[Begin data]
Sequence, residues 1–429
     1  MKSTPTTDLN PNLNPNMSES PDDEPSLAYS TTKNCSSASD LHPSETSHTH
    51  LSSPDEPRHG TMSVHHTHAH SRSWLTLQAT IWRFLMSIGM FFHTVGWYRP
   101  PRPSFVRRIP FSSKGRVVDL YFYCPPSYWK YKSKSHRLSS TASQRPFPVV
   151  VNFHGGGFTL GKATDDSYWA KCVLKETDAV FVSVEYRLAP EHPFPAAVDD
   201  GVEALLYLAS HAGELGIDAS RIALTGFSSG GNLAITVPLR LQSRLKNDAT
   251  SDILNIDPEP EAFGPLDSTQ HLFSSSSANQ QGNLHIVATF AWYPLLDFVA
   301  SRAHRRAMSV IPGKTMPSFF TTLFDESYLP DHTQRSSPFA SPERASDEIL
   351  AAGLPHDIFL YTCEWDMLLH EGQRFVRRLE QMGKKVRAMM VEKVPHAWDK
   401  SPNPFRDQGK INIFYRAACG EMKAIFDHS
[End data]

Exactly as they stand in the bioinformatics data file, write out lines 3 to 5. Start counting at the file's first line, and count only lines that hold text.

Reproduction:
    51  LSSPDEPRHG TMSVHHTHAH SRSWLTLQAT IWRFLMSIGM FFHTVGWYRP
   101  PRPSFVRRIP FSSKGRVVDL YFYCPPSYWK YKSKSHRLSS TASQRPFPVV
   151  VNFHGGGFTL GKATDDSYWA KCVLKETDAV FVSVEYRLAP EHPFPAAVDD